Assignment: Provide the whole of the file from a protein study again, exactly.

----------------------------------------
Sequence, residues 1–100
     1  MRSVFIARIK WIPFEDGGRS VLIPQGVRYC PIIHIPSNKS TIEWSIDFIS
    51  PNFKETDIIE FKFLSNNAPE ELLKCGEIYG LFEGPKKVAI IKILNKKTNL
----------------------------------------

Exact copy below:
Sequence, residues 1–100
     1  MRSVFIARIK WIPFEDGGRS VLIPQGVRYC PIIHIPSNKS TIEWSIDFIS
    51  PNFKETDIIE FKFLSNNAPE ELLKCGEIYG LFEGPKKVAI IKILNKKTNL